Forex news: USD/CAD: Canada-South Korea free trade deal lifts loonie

on Mar 11, 2014
Updated: Oct 21, 2019

**, Tuesday 11 March:**

Canada and South Korea have concluded negotiations on a free trade agreement that is expected to boost Canada’s exports of agricultural products and South Korea’s exports of automobiles, with planned tariff reductions scheduled to take place over a multi-year time frame.
This, the first trade deal Canada has struck in Asia, comes after more than nine years and 14 bargaining rounds in the making. The pact offers what Canada’s prime minister Stephen Harper today called an open door “to the lucrative Asia-Pacific market for Canadian businesses”.

The news has lifted the loonie against the greenback and at the start of the day’s North American trading the USD/CAD touched a four-day low of 1.1077. Right now, the currency pair is trading at around 1.1085, down 0.19 percent intraday.
Technical strategists at Scotiabank “expect today’s range in USDCAD to fall between 1.1050 and 1.1150”.
Under the FTA, South Korea will gradually eliminate tariffs on nearly 87 per cent of products coming from Canada. As an example, levies on Canadian beef and pork are to be progressively eliminated over a period of five to 15 years, depending on the product.

“Let me sum it up this way: much of the world’s economic growth over the next generation will be in Asia”, said Prime Minister Harper. “With this deal today, we have opened the door to opportunities that will boost Canadian prosperity now and for decades to come.”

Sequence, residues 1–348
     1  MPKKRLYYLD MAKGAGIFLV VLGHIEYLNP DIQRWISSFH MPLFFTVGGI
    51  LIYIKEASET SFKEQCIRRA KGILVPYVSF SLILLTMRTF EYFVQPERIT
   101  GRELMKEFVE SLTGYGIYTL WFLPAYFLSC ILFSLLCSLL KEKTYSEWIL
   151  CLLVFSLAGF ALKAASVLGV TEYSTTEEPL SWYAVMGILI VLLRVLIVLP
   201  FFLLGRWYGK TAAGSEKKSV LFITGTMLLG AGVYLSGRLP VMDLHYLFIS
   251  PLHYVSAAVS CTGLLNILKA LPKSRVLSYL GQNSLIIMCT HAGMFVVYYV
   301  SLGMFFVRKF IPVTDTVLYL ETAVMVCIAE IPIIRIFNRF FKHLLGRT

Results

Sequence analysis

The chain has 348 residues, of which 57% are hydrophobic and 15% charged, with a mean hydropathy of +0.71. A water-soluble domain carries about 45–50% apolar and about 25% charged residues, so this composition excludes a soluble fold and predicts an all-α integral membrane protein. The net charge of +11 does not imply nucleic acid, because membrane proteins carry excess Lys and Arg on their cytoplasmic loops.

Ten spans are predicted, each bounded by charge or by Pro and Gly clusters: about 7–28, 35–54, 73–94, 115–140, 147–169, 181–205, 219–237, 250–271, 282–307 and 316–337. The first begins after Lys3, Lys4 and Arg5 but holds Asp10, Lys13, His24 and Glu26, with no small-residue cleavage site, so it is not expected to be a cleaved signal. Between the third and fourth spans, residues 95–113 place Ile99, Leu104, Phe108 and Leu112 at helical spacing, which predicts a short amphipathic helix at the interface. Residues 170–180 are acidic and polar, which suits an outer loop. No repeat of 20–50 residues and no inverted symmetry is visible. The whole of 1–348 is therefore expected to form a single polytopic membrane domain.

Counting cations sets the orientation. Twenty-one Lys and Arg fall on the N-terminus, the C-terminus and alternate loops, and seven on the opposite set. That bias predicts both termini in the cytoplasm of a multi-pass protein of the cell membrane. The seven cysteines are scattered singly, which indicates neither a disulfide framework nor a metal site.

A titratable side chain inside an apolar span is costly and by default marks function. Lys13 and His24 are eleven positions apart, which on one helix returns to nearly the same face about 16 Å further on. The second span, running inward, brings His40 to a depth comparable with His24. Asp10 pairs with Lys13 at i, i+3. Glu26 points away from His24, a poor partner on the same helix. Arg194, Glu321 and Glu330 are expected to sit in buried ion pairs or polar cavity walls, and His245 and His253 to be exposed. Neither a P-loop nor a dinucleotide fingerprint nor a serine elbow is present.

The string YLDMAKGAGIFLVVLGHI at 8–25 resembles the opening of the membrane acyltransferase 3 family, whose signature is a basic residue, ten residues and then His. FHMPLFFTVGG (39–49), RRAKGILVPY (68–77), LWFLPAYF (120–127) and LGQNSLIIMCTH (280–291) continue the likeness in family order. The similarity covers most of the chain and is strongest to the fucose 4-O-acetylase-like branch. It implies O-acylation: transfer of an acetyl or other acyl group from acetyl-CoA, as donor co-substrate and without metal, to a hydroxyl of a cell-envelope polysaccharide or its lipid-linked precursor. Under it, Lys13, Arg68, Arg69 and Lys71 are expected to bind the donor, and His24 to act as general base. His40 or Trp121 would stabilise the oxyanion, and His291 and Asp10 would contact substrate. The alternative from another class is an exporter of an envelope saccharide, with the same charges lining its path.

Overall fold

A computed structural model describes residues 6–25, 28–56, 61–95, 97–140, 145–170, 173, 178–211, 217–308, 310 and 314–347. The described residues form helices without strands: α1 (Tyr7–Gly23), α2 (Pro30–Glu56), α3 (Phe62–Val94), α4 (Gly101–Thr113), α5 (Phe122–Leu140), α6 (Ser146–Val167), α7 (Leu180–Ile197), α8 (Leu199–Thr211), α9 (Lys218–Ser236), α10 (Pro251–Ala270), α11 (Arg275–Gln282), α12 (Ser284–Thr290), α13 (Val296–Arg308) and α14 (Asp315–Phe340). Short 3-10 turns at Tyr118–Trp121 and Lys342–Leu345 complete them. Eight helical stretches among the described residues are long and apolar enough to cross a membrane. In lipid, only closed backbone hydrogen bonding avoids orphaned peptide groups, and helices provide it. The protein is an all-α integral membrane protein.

The government hopes to see the agreement implemented “as soon as possible”.

For its part, Canada’s 6.1 percent tariff on imports of South Korean passenger cars are to be phased out in three annual cuts – with the first cut coming as soon as the agreement comes into force. South Korea’s eight per cent tariff on imports of Canadian-assembled cars would be eliminated as soon as the agreement was implemented, as well as South Korea’s three to eight per cent tariff on imports of Canada-origin automotive parts.

But not everyone is buying into the touted benefits of the new agreement.
Dianne Craig, CEO and president at Ford Canada, says in a statement that South Korea “will remain one of the most closed automotive markets in the world” under the new agreement. She cites recent similar deals between the Asian country and both the US and the EU, which have “failed to reverse this one-sided automotive trade flow”.
“No Canadian manufacturer”, believes Craig, “can compete with a market controlled by non-tariff barriers and currency manipulation”. She adds that the free trade accord does not address these critical issues.
Although Ford Canada has indicated its lack of enthusiasm for the pact, Prime Minister Harper observed today in Seoul that the company has access to the South Korean market through its US parent and the FTA allows “other Canadian sectors to have the same access that Ford already has”.